Syria's foreign minister has successful heart surgery, reports says

Syria's Foreign Minister Walid al-Moallem at the United Nations headquarters on January 31, 2014 in Geneva.

Story highlights

  • Walid al-Moallem had successful surgery, SANA reports
  • Sources: He was admitted to hospital in Lebanon

Syria's top diplomat underwent successful heart surgery, the state-run Syrian Arab News Agency reported Friday.

Syrian Foreign Minister Walid al-Moallem was admitted to an intensive care unit in Lebanon -- at the American University of Beirut Medical Center -- on Thursday to address a heart issue, diplomatic sources told CNN hours before the SANA report.

SANA's report did not say where al-Moallem had his surgery.

Doctors at the hospital first attempted a cardiac catheterization, but the procedure failed, and doctors then considered open-heart surgery, the diplomatic sources said, speaking on condition of anonymity.

The state media report said the surgery was "pre-planned." It provided no other details.

A nurse at the Lebanon facility confirmed to CNN that al-Moallem was admitted to the hospital, and said she didn't have information about his condition.

The nurse spoke on condition of anonymity because she is not authorized to speak to the news media.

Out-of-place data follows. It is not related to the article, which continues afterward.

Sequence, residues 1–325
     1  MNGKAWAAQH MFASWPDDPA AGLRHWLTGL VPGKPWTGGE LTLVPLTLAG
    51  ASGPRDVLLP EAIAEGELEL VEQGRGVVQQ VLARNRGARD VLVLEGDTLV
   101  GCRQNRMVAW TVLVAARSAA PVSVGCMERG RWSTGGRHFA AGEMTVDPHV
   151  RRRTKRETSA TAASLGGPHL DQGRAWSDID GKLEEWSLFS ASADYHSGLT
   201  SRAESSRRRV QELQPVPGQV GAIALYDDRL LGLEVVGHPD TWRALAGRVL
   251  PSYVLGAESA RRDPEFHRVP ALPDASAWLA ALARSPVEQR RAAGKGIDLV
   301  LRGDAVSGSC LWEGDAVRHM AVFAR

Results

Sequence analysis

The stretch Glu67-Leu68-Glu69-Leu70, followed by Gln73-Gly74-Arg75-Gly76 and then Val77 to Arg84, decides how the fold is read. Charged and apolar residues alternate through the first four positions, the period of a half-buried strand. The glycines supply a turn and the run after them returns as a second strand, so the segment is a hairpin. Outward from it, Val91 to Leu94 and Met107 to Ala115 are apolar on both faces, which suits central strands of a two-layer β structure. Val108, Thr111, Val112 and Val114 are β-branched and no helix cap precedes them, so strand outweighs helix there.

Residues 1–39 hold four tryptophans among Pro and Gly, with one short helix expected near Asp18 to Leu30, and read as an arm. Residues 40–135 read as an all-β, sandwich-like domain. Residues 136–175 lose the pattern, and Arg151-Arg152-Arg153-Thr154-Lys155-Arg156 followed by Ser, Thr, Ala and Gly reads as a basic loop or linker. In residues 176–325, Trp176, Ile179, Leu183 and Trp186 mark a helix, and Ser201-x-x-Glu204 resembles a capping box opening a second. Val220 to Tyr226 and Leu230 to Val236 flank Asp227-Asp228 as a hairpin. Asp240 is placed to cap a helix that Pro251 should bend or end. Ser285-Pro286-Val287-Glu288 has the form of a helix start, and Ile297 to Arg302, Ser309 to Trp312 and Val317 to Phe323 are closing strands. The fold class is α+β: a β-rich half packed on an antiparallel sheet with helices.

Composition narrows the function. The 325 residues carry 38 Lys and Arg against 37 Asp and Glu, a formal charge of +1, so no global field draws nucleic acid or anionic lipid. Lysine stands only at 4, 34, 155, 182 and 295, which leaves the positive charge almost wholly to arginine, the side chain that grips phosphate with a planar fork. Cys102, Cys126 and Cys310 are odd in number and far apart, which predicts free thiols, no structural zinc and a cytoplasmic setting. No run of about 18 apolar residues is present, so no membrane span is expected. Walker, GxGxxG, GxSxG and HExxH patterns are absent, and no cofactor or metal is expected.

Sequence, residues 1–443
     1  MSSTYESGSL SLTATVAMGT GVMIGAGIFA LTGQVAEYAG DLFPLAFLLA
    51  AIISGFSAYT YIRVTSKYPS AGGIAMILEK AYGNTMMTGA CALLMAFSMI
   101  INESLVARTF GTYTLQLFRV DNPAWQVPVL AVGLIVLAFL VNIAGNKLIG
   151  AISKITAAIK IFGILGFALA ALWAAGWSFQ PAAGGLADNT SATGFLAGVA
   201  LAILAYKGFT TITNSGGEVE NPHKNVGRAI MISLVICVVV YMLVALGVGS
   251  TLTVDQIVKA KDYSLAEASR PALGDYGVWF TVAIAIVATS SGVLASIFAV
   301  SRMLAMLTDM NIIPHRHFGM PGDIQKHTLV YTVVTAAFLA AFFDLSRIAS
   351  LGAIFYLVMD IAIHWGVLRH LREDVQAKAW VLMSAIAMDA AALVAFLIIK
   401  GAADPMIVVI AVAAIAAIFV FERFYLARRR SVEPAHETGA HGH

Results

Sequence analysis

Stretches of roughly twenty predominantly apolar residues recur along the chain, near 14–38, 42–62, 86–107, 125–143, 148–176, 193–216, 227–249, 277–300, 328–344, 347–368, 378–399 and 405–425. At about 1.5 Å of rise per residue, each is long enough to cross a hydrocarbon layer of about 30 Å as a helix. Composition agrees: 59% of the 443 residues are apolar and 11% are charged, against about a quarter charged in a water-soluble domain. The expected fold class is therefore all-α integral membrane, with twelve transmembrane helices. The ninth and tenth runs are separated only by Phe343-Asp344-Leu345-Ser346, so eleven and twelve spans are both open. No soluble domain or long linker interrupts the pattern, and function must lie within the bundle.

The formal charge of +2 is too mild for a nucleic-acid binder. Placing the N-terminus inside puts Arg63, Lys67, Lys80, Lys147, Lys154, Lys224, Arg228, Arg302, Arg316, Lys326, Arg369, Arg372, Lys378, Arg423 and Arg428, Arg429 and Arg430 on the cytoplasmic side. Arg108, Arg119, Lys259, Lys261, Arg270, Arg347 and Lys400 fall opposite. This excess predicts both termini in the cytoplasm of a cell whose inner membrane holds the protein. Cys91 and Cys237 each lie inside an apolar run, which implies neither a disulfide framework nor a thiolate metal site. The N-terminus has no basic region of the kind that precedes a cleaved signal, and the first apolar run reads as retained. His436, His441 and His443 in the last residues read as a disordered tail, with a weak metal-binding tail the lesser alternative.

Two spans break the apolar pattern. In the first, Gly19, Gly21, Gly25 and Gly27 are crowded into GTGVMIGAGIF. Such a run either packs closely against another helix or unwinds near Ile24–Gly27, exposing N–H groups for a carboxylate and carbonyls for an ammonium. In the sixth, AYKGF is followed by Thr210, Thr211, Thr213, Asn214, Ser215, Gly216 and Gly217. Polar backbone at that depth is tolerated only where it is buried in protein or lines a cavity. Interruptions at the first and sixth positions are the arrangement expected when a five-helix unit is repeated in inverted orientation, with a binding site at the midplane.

The medical center's media office declined to comment, citing medical privacy rights.

      Just Watched

      Songs on the Death of Syria's Children

    Songs on the Death of Syria's Children 01:43
    PLAY VIDEO

    Al-Moallem has been one of the most prominent public faces for Syria's government during the country's roughly three-year civil war, which the United Nations says has killed well over 100,000 people and injured more than 680,000 others.

    Last month, al-Moallem, a firm defender of Syria's President Bashar al-Assad, met with the international group charged with removing chemical weapons from Syria, discussing the program's progress, SANA said.

    Chemical weapons are being removed from Syria under a deal the country made with world powers to stave off an American military strike, which was threatened after allegations the Syrian government used sarin nerve gas in an August 21 attack on a Damascus suburb.

    READ: Amanpour blog: Millions of children affected by Syria war a 'strategic issue'

    READ: Islamists in Syrian city offer Christians safety -- at a heavy price